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8

I think SharePoint is a powerful, feature-rich, and extensible platform and can fulfill your capacity needs if DESIGNED correctly (Information Architecture, Solution Architecture, Infrastructure Architecture and Storage) You can use a web application and divide the blogs into site collections. Below are few points that may adress your concerns: ...


4

The minimum database size is a recommendation, not a stop. Check out my blog post on databases and SharePoint: http://davidlozzi.com/tag/database/. If you're looking to move above the minimum requirements, you'll need to include additional maintenance tasks, possibly improve hardware and such. SharePoint can support 4TB databases, its up to the ...


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Here are some details about support for large databases with SP1. http://sharepoint.microsoft.com/blog/Pages/BlogPost.aspx?pID=988 Officially there is support up to 4TBs with optimization, but realistically that is difficult to support and should only be used in extreme exceptions. Technically there were no real changes made to support the additional ...


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I would strongly recommand you get support from an architect as the questions to be answered here go beyond those expressed here: e.g. what is the total volume of data, what is the quality of the WAN connection between locations, how would you plan to secure connections, what services you want to share/consume across locations, how is your AD structured, ...


3

Basically yes, that includes everything (blob storage). You can go over that limit, but there are some very specific requirements if you do. Take a look at the requirements in these links: http://technet.microsoft.com/en-us/library/cc262787%28office.14%29.aspx#ContentDB http://technet.microsoft.com/en-us/library/hh307867%28v=office.14%29.aspx Here ...


3

The technet page RJ linked to in his comment is one that I refer customers and management to all the time. These limits are there for a reason and they mention special scenarios where these limits can be broken. For example: Content databases of up to 4 TB are supported when the following requirements are met: Disk sub-system performance of 0.25 ...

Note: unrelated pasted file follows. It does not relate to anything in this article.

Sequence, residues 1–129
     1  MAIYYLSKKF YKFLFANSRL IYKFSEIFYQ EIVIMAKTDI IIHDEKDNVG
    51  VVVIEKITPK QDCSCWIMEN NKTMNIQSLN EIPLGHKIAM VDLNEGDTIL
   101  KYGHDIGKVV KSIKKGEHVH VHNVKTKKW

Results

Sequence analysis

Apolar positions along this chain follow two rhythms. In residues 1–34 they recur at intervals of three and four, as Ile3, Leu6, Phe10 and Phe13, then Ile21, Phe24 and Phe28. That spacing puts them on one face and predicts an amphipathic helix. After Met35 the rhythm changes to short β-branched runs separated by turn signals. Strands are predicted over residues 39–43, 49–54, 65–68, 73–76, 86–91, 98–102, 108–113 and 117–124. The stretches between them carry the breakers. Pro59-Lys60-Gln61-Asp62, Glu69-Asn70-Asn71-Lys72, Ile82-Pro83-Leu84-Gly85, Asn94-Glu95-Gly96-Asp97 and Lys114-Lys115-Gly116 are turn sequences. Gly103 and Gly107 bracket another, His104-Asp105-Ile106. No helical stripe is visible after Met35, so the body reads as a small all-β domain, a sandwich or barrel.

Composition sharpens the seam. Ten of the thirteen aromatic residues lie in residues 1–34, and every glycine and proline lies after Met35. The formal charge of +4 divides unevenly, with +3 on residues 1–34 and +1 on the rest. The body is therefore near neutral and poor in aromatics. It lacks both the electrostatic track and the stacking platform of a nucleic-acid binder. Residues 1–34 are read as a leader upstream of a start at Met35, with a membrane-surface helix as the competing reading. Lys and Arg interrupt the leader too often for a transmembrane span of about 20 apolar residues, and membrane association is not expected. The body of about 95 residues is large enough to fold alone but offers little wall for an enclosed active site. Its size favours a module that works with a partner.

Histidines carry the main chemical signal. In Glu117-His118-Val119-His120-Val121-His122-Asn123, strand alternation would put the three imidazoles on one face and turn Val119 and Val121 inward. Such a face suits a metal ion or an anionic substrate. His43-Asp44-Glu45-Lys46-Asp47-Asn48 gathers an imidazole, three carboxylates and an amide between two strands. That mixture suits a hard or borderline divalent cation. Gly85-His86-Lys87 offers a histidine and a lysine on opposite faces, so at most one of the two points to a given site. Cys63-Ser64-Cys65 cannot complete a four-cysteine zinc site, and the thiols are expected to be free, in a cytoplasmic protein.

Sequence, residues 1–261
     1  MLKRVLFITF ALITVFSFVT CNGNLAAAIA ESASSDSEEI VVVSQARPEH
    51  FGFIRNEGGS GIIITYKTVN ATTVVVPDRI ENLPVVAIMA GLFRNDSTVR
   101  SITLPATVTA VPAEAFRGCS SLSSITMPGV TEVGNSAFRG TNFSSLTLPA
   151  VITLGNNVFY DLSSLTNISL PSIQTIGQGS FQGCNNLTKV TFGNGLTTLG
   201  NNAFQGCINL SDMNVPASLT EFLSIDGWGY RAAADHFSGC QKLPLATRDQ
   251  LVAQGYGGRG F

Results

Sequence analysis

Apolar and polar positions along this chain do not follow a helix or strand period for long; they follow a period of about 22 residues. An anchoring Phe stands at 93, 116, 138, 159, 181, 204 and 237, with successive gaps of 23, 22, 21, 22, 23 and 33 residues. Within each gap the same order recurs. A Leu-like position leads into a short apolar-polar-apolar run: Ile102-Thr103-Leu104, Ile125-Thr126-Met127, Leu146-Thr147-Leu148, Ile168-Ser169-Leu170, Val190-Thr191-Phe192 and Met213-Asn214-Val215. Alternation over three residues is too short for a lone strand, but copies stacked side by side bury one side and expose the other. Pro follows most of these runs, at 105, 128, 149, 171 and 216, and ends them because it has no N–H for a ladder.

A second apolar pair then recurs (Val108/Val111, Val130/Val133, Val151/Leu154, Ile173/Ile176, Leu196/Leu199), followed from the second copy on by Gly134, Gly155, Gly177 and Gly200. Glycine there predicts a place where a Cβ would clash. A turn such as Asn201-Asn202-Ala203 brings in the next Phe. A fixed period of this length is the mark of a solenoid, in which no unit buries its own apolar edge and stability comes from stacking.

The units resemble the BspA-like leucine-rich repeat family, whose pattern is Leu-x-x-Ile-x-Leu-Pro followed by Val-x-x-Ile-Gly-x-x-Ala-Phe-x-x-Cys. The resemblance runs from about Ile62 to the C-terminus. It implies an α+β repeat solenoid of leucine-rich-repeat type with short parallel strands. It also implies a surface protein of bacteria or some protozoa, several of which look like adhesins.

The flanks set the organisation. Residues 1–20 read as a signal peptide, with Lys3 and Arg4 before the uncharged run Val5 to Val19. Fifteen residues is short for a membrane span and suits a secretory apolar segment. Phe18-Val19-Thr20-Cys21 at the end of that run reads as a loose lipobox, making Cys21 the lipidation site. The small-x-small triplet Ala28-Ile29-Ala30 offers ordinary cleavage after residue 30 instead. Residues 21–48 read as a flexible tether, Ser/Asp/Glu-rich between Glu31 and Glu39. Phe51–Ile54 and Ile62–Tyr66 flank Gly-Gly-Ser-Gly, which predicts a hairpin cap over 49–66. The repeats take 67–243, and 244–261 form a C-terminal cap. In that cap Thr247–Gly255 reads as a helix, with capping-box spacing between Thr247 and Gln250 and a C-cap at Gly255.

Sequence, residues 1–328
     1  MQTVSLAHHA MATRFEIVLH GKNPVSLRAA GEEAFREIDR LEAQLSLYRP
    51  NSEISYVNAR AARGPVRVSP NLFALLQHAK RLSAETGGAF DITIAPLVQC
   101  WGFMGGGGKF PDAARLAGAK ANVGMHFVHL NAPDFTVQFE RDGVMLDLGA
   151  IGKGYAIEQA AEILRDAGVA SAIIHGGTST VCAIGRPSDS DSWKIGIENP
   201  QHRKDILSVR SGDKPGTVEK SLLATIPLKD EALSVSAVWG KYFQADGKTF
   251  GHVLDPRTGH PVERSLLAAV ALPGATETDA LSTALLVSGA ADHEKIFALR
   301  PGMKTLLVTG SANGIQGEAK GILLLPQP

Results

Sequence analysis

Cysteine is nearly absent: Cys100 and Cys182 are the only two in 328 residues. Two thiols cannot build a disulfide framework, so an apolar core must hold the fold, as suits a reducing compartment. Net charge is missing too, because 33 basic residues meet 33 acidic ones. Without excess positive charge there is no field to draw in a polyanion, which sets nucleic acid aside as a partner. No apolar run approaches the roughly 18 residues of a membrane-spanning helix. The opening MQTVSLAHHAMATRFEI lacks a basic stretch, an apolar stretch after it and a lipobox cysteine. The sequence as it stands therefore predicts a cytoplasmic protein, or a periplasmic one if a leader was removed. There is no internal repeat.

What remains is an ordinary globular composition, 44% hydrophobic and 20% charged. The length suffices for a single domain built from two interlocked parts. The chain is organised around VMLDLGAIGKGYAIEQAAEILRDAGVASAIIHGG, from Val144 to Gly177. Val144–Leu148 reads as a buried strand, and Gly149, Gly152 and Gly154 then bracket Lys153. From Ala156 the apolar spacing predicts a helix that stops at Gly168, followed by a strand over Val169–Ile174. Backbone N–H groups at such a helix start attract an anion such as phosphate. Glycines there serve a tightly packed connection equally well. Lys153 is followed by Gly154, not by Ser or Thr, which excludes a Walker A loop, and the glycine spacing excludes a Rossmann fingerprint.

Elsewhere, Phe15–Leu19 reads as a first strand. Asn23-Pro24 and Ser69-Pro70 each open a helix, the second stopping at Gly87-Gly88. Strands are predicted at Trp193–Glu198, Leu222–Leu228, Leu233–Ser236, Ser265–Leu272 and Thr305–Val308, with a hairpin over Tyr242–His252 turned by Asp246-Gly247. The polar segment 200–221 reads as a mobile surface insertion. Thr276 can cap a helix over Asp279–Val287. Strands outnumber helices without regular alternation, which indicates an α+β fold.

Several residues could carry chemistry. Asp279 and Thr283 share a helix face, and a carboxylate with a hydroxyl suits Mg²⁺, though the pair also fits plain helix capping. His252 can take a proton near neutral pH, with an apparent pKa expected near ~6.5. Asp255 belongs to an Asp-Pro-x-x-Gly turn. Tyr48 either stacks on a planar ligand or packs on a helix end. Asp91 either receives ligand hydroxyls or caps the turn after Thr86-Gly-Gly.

3

I found the easiest way to move/copy contacts over to a Sharepoint Contacts list. Navigate to the List in Sharepoint and click on "Connect to Outlook". Now you will have the contacts list show up in Outlook under your contacts tab. Find the folder in Public Folders where the contacts are stored and simply select all your contacts (ctrl+A), drag and drop ...


2

Take a look at HP's Sizer tool for SharePoint. The one for 2007 has long been a staple in any farm sizing exercise, and they have now made the 2010 version available. Everything will be in terms of HP-branded hardware but you can easily convert to other brands. They also have a bunch of whitepapers and guides here 70k users is a fairly big farm, I don't ...


2

These guidance posts may be helpful as scenarios can vary - 5 Best Practices to Configure Diagnostic Logging with PowerShell Commands Best practices for operational excellence Best practices for capacity management UPDATE: Usage logging databases require ongoing maintenance. You can plan on how it's going to be used by selecting the tracing variables ...


2

RBS can be used both in an archiving scenario (where we offload documents from SharePoint that are rarely used or updated) but it is also very useful for ACTIVE content that is simply being stored outside the content databases... In these "collaborative" instances, we want to make sure that the external storage location where we store the BLOBs has good ...


2